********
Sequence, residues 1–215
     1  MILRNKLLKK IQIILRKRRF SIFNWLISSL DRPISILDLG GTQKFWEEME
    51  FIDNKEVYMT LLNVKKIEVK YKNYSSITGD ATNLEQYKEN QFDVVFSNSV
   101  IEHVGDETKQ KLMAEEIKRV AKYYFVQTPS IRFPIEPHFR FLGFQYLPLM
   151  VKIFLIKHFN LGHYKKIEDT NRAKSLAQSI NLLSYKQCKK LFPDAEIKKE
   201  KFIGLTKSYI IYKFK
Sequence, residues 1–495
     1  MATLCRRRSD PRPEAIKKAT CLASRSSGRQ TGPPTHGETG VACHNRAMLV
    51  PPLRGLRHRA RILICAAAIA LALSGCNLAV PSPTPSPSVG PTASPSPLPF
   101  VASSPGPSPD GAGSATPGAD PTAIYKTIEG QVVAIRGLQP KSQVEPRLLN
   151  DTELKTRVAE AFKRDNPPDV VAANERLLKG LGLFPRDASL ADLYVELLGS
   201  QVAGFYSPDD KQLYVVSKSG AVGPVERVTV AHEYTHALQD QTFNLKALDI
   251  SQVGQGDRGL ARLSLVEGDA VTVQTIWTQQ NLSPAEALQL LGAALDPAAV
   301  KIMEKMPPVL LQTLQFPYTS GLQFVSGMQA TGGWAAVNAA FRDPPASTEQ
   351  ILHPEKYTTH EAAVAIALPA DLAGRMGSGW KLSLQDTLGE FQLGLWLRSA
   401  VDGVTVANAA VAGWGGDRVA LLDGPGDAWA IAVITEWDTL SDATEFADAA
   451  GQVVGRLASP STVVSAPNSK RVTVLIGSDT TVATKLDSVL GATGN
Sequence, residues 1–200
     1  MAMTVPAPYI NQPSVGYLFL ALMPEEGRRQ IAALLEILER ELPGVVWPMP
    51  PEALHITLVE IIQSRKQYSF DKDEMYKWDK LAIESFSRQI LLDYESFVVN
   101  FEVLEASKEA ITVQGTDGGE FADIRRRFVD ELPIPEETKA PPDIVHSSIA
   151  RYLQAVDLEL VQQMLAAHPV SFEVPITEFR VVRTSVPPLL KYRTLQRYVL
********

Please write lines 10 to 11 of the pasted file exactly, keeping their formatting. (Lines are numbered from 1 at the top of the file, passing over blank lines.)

   101  VASSPGPSPD GAGSATPGAD PTAIYKTIEG QVVAIRGLQP KSQVEPRLLN
   151  DTELKTRVAE AFKRDNPPDV VAANERLLKG LGLFPRDASL ADLYVELLGS